There is a lot of talk about the Internet of Things (IoT) these days, and there are a lot of microcontrollers (MCUs) available that can address the low-power demands of things like IoT sensor nodes. In the early days, however, there seemed to be a widespread lack of concern about security by end-users, MCU vendors, and equipment manufacturers.
More recently, everyone seems to be becoming more aware of security issues. People are saying things like "Home automation is a great idea, but not if anyone on the planet can take over my home!" Similarly with things like medical equipment -- it's great for doctors to be able to monitor your condition and vary your drug regime remotely as required, but you don’t want a 16-year-old delinquent hacker to have the ability to modify your insulin dose or your pain medication.
All of this explains Microchip Technology's introduction of its PCC24F "GB2" family of MCUs. In the case of security (the red blocks in the image below), these MCUs boast a fully featured hardware crypto engine, a hardware random number generator, and one-time programmable (512-bit) key storage for additional protection:
The random number generator can be used to generate keys for data encryption, decryption, and authentication. The fully-featured, highly-configurable hardware crypto engine offers 128-, 196-, and 256-bit support for all modes of AES, DES, and 3DES (triple DES). Performing these tasks in hardware reduces software overhead, lowers power consumption, and dramatically speeds data throughput.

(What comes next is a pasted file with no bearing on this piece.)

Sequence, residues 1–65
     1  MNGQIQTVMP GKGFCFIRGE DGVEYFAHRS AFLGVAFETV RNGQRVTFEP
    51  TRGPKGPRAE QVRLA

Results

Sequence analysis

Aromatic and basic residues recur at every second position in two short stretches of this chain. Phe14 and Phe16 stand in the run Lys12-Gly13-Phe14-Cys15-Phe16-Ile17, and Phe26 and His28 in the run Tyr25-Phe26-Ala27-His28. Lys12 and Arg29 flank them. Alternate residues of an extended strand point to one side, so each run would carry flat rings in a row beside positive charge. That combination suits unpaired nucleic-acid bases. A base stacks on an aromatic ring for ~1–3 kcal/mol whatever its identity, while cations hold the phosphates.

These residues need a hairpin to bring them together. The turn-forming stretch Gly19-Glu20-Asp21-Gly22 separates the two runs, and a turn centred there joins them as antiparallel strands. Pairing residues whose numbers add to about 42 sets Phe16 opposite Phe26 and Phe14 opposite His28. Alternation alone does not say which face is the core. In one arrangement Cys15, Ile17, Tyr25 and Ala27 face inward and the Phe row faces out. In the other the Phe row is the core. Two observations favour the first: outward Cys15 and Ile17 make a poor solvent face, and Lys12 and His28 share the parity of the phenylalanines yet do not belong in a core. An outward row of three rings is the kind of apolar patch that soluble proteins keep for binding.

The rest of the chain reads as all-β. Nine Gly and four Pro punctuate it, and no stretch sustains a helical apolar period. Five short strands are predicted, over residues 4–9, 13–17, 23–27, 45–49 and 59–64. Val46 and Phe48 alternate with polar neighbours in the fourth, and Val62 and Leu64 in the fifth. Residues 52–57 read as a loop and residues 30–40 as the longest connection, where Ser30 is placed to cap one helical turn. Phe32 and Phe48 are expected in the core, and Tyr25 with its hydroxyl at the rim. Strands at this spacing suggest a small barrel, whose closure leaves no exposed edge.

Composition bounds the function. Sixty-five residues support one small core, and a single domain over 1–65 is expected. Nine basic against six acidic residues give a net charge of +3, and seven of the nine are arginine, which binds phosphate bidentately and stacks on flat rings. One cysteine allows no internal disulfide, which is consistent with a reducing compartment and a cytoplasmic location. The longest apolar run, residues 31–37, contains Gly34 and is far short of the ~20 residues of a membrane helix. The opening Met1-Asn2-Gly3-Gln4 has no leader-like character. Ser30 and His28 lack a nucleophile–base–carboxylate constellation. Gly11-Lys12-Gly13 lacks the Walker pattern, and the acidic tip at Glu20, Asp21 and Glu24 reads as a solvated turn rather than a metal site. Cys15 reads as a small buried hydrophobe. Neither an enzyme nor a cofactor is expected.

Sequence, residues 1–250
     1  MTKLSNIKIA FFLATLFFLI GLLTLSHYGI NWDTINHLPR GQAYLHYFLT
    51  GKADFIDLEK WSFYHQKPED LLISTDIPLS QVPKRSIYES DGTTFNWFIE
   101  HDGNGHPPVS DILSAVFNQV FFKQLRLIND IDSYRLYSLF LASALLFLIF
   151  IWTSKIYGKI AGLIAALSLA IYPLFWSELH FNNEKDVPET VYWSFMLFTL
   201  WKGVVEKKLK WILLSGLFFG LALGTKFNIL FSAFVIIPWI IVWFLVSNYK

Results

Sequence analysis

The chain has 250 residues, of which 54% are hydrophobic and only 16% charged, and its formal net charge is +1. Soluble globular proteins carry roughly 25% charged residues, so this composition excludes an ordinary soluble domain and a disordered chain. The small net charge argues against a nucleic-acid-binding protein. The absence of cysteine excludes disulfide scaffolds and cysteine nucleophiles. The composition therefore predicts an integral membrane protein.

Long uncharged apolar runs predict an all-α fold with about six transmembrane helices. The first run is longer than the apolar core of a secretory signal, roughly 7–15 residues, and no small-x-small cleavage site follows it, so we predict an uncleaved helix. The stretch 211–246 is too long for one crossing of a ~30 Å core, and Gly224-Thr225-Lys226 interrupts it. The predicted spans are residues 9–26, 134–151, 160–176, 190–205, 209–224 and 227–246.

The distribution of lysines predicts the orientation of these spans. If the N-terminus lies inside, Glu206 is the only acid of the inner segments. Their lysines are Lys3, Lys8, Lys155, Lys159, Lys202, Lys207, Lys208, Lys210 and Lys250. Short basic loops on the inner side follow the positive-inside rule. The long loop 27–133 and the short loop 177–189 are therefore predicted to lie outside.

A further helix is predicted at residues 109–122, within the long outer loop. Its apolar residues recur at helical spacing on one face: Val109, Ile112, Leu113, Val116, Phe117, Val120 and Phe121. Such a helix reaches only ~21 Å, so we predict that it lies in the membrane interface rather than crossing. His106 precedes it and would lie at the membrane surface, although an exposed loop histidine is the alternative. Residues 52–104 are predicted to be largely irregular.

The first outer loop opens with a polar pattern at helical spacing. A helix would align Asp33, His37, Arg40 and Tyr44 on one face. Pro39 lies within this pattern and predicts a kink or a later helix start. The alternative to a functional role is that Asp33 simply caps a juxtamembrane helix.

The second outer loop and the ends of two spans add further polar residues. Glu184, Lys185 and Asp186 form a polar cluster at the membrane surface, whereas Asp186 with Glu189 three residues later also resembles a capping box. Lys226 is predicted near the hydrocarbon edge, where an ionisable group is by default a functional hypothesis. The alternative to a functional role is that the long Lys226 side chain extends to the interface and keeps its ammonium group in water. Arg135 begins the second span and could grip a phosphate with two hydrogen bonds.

Microchip has created a short video that summarizes the features and capabilities of the PCC24F "GB2" family.
Starting at $1.30 each in volume, members of the PCC24F "GB2" family support up to 128 KB Flash and 8 KB RAM. They are available in small 28- or 44-pin packages. These devices are ideally suited for a wide range of industrial, medical, and home automation applications, including things like IoT sensor nodes, access control systems, and handheld battery-powered products. Click here for more information.
— Max Maxfield, Editor of All Things Fun & Interesting